}
    [Test]
    public void TestGetAllPeopleSorted()
    {
        // Tell that mock object when the "GetPeople" method is called to 
        // return a predefined list of people
        personRepositoryMock.ExpectAndReturn("GetPeople", peopleList);
        PersonService service = new PersonService(
                (IPersonRepository) personRepositoryMock.MockInstance);
        // This method really has "business logic" in it - the sorting of people
        List<Person> people = service.GetAllPeopleSorted();
        Assert.IsNotNull(people);
        Assert.AreEqual(2, people.Count);
        // Make sure the first person returned is the correct one
        Person p = people[0];
        Assert.AreEqual("Adams", p.LastName);
    }
    [Test]
    public void TestGetSinglePersonWithValidId()
    {
        // Tell that mock object when the "GetPerson" method is called to 
        // return a predefined Person
        personRepositoryMock.ExpectAndReturn("GetPersonById", onePerson, "1");
        PersonService service = new PersonService(
            (IPersonRepository) personRepositoryMock.MockInstance);
        Person p = service.GetPerson("1");
        Assert.IsNotNull(p);
        Assert.AreEqual(p.Id, "1");
    }
    [Test]
    public void TestGetSinglePersonWithInalidId()
    {
        // Tell that mock object when the "GetPersonById" is called with a null
        // value to throw an ArgumentException
        personRepositoryMock.ExpectAndThrow("GetPersonById", 
             new ArgumentException("Invalid person id."), null);
        PersonService service = new PersonService(
                 (IPersonRepository) personRepositoryMock.MockInstance);
        // The only way to get null is if the underlying IPersonRepository 
        // threw an ArgumentException
        Assert.IsNull(service.GetPerson(null));
    }
}

The PersonService doesn’t have a lot of logic in it, but I hope this illustrates how you easily can test various conditions using Mock objects. It also illustrates the idea of testing early by allowing you to test some code before all of the dependent objects are implemented.

While the Mocks built into NUnit might not be the most powerful or complete Mocking library out there, it should be sufficient for most uses. I’m sure they will continue to improve them over time as well, so I look forward to them becoming more powerful (and having better documentation) in the future.

Download Code Example:
NMock C# Example Project

For more on NUnit you might like to check out:

Understanding Domain Specific Languages as Jargon

Domain Specific Languages (DSLs) are the idea of creating syntaxes that model a very specific problem domain. Domain Specific Languages are not a new concept. Some people call them ‘little languages’. The Unix world has a bunch of little languages. Grep, awk, sed, lex, and yacc all exhibit features of these domain specific languages. They are little tools that do one thing well. In these cases they are often highly encoded and not in natural language of any sort. Modern domain specific languages should aim to be humane and literate in the language of the user.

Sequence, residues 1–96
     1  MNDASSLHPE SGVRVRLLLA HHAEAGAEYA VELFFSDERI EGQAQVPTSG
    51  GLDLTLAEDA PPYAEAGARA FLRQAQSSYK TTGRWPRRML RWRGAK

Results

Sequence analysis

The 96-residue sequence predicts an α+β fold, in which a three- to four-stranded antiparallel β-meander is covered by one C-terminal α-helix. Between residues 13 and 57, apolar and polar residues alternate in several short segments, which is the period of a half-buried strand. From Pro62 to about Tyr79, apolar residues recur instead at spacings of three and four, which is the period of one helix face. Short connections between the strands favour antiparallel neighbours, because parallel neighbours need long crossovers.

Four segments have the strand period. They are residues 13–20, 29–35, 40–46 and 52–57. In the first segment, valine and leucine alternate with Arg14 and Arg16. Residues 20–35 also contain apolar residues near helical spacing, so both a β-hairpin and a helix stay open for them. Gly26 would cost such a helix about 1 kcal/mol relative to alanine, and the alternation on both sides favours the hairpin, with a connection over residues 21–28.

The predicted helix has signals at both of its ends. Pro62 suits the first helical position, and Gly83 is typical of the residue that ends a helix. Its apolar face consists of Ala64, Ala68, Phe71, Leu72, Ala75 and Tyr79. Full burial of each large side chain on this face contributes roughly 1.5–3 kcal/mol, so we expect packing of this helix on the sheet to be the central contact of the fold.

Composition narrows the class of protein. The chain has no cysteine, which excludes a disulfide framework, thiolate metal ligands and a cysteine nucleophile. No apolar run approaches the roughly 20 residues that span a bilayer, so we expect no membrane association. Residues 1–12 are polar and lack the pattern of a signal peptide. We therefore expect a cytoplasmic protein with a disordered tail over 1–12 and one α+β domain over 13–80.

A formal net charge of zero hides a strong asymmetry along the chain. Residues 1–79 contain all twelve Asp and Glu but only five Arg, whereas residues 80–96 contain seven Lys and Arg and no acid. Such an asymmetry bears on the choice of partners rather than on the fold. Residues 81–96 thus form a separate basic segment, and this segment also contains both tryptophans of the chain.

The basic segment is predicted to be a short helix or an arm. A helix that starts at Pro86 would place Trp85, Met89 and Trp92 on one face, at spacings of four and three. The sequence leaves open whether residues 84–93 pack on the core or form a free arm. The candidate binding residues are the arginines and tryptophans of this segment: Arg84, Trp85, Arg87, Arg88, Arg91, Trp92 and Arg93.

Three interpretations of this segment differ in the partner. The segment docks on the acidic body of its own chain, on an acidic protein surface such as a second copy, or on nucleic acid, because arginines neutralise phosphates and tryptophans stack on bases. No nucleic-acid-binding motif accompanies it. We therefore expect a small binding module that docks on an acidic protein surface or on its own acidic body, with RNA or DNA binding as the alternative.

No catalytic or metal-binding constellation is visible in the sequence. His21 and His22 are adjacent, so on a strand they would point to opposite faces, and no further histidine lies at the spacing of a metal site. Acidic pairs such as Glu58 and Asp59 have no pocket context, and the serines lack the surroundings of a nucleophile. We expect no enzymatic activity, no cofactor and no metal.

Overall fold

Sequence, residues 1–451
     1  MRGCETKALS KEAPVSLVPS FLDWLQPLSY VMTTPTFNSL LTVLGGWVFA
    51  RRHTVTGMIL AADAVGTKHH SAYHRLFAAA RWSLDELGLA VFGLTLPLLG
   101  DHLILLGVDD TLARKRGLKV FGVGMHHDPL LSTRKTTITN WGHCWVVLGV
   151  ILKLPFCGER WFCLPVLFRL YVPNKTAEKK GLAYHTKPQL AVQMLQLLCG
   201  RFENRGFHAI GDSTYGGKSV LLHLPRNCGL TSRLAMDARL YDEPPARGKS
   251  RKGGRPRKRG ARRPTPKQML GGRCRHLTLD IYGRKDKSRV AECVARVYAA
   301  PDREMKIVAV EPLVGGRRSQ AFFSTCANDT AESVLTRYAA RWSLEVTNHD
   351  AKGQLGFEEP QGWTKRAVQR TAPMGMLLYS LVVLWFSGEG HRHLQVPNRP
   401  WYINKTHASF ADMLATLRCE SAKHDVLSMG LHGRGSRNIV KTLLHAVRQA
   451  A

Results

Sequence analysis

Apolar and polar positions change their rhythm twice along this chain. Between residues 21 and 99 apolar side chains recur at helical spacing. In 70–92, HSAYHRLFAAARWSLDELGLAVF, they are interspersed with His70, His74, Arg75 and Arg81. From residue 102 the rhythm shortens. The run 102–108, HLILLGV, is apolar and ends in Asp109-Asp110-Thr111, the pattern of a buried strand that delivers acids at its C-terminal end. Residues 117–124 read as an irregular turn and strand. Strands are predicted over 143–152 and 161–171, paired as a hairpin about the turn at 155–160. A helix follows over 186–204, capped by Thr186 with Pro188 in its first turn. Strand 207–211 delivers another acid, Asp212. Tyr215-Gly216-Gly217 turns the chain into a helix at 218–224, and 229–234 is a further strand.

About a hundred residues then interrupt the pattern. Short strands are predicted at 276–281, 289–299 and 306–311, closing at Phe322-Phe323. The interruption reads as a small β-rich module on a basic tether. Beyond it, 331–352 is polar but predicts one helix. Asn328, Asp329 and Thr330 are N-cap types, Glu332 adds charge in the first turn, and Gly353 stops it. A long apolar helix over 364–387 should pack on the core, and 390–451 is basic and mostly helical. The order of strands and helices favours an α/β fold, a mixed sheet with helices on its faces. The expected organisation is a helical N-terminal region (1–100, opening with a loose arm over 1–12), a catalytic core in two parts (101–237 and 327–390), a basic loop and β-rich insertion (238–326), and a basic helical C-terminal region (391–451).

Domain Specific Languages should be expressed in the language of the problem being solved. They are a higher level of abstraction than for loops and object instantiation. They are at the level of abstraction of the problem space. Neal Ford uses the example of “venti nonfat decaf whip latte”. What am I talking about if I use those terms? If you guessed coffee, then you know the Jargon of one coffee chain out there. The person listening to the order understands that you are ordering a decaf coffee drink of a certain size, with non-fat milk and whipped cream. There is a lot of shared context in the Jargon of the coffee drinker and the coffee order taker. This shared context sets the stage for a rich conversation without a lot of unnecessary noise. This is true of all Jargon.


# CoffeeDSL.rb
# This is the input from the user, likely read from a file
# or input through a user interface of some sort
CoffeeInput = "venti nonfat decaf whip latte"

class Coffee

def method_missing(symbol)
name = symbol.to_s
if %w(venti grande).include?(name)
@size = name
elsif %w(whip nowhip).include?(name)
@whip = 'whip'.eql?(name)
elsif %w(caf decaf halfcaf).include?(name)
@caf = name
elsif %w(regular latte cappachino).include?(name)
@type = name
elsif %w(milk nonfat).include?(name)
@milk = name
else
raise ArgumentError, "Unknown coffee informantion: #{name}."
end
end

def order
params = ''
params += @milk + ' ' if @milk
params += @caf + ' ' if @caf
params += 'whip ' if @whip
print "Ordering coffee: #{@size} #{params}#{@type}\n"
end

def load
# turn one line into multi-line "method calls"
cleaned = CoffeeInput.gsub(/\s+/, "\n")
self.instance_eval(cleaned)
end
end

# this is your code which loads the DSL input and executes it
coffee = Coffee.new
coffee.load # load the user input
coffee.order # submit the order

Jargon is the terminology of a specific proffession or group. Does your user community or problem space have a vocabulary? Can they express the things they want out of a system using that vocabulary or Jargon? If so, there is a very real possibility that you could utilize a DSL to solve some set of problems for those users.

What about field validation?

# ValidationDSL.rb
# Input from the user that would be read in
Input = < @max_length
return false
end